It is with regret that I inform you that the review petition which was filed by Masooda Parveen against the judgment dated 2.5.2007 passed by the Supreme Court came up before Justices Dalaveer Bhandari and H.S. Bedi today (11/10/07), and has been dismissed.
I may remind you that Masooda Parveen had filed a writ petition under Article 32 and 21 for compensation for the death of her husband, an advocate, in the custody of 17 Jat Regiment in Pulwama, Kashmir, as far back as February 1998. While initially the petition was for compensation and for compassionate employment to the wife, later its scope had been expanded to get the court to lay down some safeguards from the army that enjoys “special powers” in J&K under the J&K Armed Forces Special Powers Act. It was hoped by us that the Supreme Court would use this opportunity to apply the safeguards in the Naga People’s Movement for Human Rights case to J&K.
In the judgment dated 2.5.2007 handed down after nearly 9 years of its filing (reported in 2007(6) SCALE 447; copy enclosed) the Supreme Court has inexplicably overlooked crucial facts which pointed to glaring inconsistencies and contradictions in the version of ‘accidental death’ put forward by the state. It also ignored the fact that despite the closure report in an investigation under s. 174 CrPC being rejected by the District Magistrate, Pulwama, and Rule Nisi being issued by the Supreme Court, the local administration “lost” the inquest file and all the critical documentation contained in it.
In the judgment, the Supreme Court has unquestioningly accepted the army’s bald version that the deceased had been a ‘militant’, when not a scrap of evidence exists for such a serious allegation. It has further observed that the petitioner has not been able to show her version of events was true. Placing the burden of proof squarely on the petitioner, the judgment contradicts the body of existing law where the burden lies on the state to show how the death occurred in incidents of custodial death. Such burden must for obvious reasons be even higher where death occurs in Army custody in a disturbed area where the Armed forces are, theoretically, operating under the supervision of the ‘civil authorities’.
A further disturbing aspect of the judgment is that it proceeds to carve out an exception to directions made by a 5 judge Constitution Bench in the NPMHR judgment ((1998) 2 SCC 109). According to that judgment, the Army is bound by the Constitution of India as well as by the provisions of the Armed Forces Special Powers Act to produce any person arrested by it before the nearest police station with “least possible delay”. In that judgment the Supreme Court had also observed that “least possible delay” could not exceed 2-3 hours, since after being handed over at the nearest police station, the arrestee has to be produced before the Magistrate within 24 hours of arrest in accordance with Article 22 of the Constitution.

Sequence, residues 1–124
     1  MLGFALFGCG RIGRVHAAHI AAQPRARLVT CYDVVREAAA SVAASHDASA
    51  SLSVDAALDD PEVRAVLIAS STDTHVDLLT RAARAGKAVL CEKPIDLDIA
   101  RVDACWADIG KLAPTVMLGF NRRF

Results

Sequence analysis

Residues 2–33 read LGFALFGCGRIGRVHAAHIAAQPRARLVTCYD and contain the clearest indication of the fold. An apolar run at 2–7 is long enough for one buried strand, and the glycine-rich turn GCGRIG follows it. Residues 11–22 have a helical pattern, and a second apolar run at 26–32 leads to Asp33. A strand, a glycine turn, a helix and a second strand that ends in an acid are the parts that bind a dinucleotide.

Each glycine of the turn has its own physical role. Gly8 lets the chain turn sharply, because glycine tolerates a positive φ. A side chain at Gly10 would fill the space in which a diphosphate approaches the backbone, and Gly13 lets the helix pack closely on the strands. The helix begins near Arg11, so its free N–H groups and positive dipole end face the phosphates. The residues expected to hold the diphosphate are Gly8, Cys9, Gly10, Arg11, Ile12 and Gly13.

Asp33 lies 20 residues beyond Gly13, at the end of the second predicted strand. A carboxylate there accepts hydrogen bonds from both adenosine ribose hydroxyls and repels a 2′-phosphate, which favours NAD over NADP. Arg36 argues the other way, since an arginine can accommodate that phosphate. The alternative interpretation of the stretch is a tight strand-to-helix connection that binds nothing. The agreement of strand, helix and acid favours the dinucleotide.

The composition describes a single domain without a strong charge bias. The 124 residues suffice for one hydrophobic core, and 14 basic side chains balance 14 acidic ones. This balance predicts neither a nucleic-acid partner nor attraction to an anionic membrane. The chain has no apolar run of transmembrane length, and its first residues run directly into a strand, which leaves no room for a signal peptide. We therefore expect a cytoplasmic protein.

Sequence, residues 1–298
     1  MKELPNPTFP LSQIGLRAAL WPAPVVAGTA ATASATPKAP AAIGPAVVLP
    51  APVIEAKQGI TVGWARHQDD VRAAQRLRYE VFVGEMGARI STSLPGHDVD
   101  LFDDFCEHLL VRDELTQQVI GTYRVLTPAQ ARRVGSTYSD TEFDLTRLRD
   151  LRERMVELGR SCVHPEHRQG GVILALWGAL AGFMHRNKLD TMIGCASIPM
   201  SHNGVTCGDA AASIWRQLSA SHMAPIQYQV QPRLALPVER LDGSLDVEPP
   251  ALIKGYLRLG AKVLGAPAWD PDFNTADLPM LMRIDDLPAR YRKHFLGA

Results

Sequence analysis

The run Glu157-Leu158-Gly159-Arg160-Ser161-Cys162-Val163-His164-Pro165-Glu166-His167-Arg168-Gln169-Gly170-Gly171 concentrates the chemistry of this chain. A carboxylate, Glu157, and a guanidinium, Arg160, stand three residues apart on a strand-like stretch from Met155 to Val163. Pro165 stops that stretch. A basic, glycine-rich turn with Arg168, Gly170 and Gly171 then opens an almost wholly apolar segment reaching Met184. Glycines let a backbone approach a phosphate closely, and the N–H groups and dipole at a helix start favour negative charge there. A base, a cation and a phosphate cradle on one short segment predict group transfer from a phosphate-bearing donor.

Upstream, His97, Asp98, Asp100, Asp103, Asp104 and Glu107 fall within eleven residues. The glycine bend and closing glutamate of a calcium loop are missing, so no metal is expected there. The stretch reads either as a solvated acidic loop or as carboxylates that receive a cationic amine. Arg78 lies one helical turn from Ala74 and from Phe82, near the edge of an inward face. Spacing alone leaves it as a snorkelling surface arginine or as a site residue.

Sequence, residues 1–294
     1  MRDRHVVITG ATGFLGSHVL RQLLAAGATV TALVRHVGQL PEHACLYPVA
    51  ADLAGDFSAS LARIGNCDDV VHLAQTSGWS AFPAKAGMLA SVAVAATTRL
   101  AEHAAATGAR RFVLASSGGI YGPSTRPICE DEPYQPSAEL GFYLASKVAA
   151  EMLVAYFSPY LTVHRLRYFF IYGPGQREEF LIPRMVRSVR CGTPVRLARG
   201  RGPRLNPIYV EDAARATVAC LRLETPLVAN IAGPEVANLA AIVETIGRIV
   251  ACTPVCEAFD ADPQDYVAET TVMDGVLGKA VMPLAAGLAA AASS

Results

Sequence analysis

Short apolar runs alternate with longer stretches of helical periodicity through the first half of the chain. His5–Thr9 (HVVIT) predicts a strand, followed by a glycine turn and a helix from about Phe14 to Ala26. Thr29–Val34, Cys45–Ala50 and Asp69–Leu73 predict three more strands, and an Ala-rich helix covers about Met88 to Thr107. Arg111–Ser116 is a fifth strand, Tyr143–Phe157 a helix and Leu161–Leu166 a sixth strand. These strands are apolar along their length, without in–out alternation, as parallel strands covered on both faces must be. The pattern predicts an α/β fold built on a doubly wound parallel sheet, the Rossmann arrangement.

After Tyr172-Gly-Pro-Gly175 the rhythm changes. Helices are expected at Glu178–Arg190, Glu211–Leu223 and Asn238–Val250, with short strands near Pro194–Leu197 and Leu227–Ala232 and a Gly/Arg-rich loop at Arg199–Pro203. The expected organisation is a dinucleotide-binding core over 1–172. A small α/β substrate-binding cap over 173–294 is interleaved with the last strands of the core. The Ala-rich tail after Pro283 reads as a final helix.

However, the judgment in Masooda Parveen’s case chose to ignore evidence before it that the deceased was in illegal Army custody for at least 30 hours before his death, and instead observes:
” We are also not un-mindful of the fact that prompt action by the army in such matters is the key to success and any delay can result in the leakage of information which would frustrate the very purpose of the army action.”
The Government of India had attempted to get just such an exemption in the petition seeking clarification of the NPMHR judgment, and this had been negatived by a 5 judge bench of the Supreme Court by order dated 7.8.2001.
The petitioner widow who has in the intervening years raised her children single-handedly and also been under surveillance by the state, is heartbroken to get this verdict that labels her husband a militant, and therefore by extension herself and her children as well.
But the implications of the judgment go far beyond the private heartbreak of one family. This is probably the first judgment of the Supreme Court interpreting the provisions of the Jammu and Kashmir Armed Forces Special Powers Act. Not only has the Supreme Court lost an opportunity to hold the Armed forces accountable for increasingly heinous excesses against the Kashmiri people, the Supreme Court has also sent out a message virtually endorsing the impunity of the Armed Forces for such acts.
All this, and more, had been placed before the Supreme Court in the Review Petition filed by the petitioner-widow in July 2007 (copy attached), in the hope that the Court would recognise the impact of the judgment dated 2.5.2007 on the petitioner, as well as its larger implications for the people of Kashmir, and therefore reverse it. The Supreme Court has, however, chosen today to dismiss the review petition filed by the petitioner.